"Our owner (Michael Jordan) made a conscious decision that he wanted to invest," said Fred Whitfield, president and chief operating officer for the Hornets.
The city and team already make a contribution to an annual maintenance fund. Starting in 2005 when the arena opened, the city and the team each contributed $250,000 a year, with annual increases. That annual payment is now $364,000.
Next year, when the first $600,000 payment starts, the city and team will both be spending nearly $1 million on annual maintenance.
"We have exhausted all of that money," Kimble said about the original annual maintenance payment. "To protect the investment, we will do an even bigger investment in the annual capital fund."
Kimble said the additional $600,000 will come with strings. He said the team won't be able to use that money for suite improvements, unless the city gives its approval.
The city's decision to not use public dollars on suites is meant, in part, to increase among the public for the renovations.
But City Manager Ron Carlee acknowledged in an interview that the money dedicated to the arena is "fungible."
Kimble told council members he believes the city could not spend any less.
"I feel like this is the lowest amount (we could spend) under the contract," he said.
Republican council member Ed Driggs said he is worried the improvements will deplete the city's reserves of its hospitality taxes.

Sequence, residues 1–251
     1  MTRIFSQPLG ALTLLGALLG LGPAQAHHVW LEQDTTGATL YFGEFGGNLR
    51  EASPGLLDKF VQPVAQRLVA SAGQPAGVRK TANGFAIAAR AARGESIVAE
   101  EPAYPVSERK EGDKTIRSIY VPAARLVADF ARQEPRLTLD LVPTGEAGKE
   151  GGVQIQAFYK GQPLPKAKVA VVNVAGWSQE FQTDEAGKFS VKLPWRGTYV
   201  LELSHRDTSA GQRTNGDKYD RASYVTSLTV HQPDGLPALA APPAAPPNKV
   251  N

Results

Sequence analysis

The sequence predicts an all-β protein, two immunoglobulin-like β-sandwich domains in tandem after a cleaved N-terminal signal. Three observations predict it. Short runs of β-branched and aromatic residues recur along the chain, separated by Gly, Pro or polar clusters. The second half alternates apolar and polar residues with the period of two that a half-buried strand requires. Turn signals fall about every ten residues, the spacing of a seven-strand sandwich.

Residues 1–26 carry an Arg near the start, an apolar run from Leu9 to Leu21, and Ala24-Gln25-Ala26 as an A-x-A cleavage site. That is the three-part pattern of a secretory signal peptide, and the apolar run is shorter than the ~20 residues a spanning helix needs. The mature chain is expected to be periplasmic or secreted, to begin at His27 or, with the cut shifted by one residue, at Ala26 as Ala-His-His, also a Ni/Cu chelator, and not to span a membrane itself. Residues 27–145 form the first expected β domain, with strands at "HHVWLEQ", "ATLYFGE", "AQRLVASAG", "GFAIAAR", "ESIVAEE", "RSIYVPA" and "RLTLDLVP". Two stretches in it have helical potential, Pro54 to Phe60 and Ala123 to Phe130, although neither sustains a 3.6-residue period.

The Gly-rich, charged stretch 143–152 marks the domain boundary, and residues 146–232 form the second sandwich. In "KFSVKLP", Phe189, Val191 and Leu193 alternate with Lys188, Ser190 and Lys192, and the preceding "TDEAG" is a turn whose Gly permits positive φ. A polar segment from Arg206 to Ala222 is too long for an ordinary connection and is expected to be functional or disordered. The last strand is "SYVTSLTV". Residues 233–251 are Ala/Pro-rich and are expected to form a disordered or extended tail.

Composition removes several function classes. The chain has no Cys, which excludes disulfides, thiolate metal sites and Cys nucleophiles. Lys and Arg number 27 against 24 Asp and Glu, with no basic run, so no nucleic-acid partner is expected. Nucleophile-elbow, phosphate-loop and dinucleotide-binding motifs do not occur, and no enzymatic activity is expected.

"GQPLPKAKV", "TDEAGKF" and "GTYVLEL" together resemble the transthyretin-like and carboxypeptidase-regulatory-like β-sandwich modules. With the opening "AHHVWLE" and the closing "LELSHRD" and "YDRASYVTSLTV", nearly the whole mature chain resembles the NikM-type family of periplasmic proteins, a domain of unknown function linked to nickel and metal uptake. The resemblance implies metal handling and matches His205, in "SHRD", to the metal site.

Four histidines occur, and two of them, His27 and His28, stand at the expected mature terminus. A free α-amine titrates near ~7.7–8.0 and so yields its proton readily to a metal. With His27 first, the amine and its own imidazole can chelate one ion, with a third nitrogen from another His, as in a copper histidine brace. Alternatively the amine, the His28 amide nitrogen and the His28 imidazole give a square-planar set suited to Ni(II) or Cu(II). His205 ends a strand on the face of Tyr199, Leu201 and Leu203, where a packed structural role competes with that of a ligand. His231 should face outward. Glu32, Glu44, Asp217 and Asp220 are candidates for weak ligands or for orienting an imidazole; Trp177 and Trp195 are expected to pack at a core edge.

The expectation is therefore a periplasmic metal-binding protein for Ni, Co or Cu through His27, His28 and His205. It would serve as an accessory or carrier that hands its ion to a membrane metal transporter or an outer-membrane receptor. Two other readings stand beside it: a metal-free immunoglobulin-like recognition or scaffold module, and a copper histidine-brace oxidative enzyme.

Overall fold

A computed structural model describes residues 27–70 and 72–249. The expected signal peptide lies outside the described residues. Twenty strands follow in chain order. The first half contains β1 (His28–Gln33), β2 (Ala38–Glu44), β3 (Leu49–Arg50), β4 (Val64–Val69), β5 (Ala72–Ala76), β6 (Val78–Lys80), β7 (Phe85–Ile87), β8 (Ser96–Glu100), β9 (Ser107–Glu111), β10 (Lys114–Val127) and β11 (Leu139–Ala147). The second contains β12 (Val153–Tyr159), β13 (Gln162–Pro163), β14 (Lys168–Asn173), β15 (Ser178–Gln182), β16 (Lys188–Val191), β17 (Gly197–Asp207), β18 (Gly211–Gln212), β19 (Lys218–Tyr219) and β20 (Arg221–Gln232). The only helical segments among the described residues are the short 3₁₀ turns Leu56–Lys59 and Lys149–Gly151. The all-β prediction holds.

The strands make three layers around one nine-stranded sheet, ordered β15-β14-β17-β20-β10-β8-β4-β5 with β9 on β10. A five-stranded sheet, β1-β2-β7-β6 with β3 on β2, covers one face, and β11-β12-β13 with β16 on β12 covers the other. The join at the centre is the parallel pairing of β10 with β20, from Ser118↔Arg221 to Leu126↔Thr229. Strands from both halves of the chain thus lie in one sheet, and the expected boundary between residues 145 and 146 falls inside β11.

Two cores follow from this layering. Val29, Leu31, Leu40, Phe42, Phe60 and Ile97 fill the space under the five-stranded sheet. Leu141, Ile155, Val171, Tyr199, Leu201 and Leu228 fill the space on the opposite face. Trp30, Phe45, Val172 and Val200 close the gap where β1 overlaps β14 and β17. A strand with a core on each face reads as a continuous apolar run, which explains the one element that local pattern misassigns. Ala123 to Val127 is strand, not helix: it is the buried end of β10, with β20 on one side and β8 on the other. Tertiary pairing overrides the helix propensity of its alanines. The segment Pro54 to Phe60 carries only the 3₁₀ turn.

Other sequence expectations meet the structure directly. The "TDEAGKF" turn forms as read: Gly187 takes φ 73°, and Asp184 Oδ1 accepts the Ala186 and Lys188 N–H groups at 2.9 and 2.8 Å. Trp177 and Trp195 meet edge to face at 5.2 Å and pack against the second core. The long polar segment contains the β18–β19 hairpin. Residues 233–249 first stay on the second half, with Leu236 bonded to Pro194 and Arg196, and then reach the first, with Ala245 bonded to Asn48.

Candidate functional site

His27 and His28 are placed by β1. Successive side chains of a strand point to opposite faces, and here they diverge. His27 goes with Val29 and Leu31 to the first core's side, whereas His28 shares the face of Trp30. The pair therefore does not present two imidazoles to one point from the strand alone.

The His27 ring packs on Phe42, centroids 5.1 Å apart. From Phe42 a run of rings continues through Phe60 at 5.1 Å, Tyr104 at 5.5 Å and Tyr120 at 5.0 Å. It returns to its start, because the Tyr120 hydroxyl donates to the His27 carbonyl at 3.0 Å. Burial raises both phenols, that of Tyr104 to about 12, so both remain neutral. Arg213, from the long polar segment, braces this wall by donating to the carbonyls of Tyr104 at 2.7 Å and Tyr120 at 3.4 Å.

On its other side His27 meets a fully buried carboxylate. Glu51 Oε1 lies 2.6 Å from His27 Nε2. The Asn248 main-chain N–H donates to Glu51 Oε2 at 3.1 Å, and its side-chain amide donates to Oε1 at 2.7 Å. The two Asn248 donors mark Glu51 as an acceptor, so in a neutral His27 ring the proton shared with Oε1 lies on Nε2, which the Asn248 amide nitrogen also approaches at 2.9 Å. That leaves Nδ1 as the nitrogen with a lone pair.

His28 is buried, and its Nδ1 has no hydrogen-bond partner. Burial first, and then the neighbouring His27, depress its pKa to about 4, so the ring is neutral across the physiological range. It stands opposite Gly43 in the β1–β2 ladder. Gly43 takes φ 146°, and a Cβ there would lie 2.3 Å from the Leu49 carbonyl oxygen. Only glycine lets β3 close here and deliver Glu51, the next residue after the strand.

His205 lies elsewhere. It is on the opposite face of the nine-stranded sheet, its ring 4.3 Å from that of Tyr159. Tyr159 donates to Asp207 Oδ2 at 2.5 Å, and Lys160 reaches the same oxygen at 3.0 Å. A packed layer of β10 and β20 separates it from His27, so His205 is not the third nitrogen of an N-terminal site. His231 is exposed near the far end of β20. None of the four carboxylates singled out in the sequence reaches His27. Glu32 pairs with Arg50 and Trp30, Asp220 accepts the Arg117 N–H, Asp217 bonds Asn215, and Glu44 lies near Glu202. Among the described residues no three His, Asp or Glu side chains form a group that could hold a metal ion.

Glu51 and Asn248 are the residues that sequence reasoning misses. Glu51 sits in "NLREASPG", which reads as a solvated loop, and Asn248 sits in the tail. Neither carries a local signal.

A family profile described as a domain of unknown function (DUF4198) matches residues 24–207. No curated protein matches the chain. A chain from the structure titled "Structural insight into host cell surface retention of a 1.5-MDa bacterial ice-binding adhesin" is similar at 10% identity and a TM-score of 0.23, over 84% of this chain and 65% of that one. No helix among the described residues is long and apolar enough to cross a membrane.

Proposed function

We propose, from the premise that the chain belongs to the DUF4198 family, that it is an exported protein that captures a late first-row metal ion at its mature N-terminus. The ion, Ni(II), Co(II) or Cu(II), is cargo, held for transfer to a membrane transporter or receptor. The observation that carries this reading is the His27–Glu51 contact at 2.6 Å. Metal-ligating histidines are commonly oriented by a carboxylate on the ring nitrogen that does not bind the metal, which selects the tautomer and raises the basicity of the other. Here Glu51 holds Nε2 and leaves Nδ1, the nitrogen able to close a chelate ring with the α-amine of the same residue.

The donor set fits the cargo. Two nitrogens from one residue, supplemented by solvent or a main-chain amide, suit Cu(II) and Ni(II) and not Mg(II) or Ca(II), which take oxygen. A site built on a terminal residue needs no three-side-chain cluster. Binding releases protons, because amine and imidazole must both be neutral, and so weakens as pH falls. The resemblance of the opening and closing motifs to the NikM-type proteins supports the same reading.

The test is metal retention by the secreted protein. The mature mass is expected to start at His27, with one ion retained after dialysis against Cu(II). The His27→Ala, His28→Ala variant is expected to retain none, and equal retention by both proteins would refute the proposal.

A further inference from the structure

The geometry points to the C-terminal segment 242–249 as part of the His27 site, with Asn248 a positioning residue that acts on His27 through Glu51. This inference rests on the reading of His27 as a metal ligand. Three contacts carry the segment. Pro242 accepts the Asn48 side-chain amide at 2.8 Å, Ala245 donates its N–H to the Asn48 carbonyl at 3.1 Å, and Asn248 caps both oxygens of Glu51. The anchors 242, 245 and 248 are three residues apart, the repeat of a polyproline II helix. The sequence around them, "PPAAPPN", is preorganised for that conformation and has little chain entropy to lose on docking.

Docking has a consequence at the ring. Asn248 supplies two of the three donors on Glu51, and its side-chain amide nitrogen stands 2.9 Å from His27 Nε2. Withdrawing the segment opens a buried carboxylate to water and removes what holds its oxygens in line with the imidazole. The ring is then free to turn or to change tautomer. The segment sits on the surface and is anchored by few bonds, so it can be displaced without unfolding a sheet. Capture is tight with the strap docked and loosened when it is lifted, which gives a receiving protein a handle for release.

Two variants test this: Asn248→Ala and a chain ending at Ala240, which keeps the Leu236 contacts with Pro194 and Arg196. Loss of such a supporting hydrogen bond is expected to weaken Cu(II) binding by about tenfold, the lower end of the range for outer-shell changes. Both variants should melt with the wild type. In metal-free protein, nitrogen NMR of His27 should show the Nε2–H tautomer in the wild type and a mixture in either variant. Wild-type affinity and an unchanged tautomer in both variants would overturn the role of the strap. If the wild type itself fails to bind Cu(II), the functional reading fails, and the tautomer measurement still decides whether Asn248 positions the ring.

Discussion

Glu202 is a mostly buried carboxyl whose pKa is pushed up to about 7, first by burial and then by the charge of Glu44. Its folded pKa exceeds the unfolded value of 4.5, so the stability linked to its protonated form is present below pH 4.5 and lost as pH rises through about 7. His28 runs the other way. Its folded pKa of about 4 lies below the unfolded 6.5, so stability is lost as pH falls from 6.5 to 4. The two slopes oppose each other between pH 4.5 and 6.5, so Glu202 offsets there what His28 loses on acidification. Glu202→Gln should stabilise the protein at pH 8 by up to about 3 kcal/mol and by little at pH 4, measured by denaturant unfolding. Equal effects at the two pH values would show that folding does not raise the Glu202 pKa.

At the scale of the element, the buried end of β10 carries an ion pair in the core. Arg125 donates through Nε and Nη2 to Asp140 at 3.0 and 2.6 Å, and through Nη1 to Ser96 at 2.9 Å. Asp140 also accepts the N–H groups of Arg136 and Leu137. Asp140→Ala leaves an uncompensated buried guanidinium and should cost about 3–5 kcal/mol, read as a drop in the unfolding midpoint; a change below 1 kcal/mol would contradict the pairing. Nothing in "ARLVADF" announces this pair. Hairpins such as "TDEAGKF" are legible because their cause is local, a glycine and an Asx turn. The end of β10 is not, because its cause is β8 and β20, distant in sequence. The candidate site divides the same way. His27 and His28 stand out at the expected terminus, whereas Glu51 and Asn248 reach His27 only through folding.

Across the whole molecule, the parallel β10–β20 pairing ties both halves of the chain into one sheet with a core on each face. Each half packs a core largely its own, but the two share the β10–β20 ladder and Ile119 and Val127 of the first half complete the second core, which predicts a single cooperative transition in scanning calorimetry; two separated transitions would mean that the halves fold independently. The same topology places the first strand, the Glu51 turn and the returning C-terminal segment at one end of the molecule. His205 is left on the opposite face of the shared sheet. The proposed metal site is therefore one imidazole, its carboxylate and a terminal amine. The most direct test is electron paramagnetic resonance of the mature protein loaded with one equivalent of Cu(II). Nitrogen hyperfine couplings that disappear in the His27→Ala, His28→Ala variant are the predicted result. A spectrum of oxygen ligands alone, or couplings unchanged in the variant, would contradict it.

"It's done at such a way that our capacity is pretty much used up," he said. "It raises questions as to what flexibility we have for other events?"
Most council members were supportive of spending money on the arena.
Democrat David Howard said some of the renovations would have to made anyway in order to maintain the building. Democrat Michael Barnes said he didn't want the arena to become obsolete.
One provision of the operating agreement is that the city wouldn't have to pay for an improvement if the team made a conscious decision to exclude it when the arena was built.
When the arena was built, the team installed what's known as "terrace table" seating in the lower bowl behind one goal. The team now wants to replace some of that seating with additional lower bowl seats.
That was arguably a poor decision by the team when the arena was being built. The city has agreed to spend $775,000 to rework part of the lower bowl.
The city said some of the improvements fell under a category of having to be of current "NBA Standard."
Other than not wanting to pay for suites and the home team locker room, Kimble declined to say if there were any team requests that the city decided it didn't have to fund.
The Hornets plan to bid on hosting the 2017 and 2018 NBA All-Star Games, and league commissioner Adam Silver has said that improving the arena would be key to Charlotte winning a game.
A new scoreboard is budgeted for fiscal year 2018, which begins July 2017. Kimble and Whitfield said the new scoreboard would be ready for the 2018 All-Star Game.
As part of the presentation, the city released a University of South Carolina study that said the economic impact of the area was $263 million in 2013.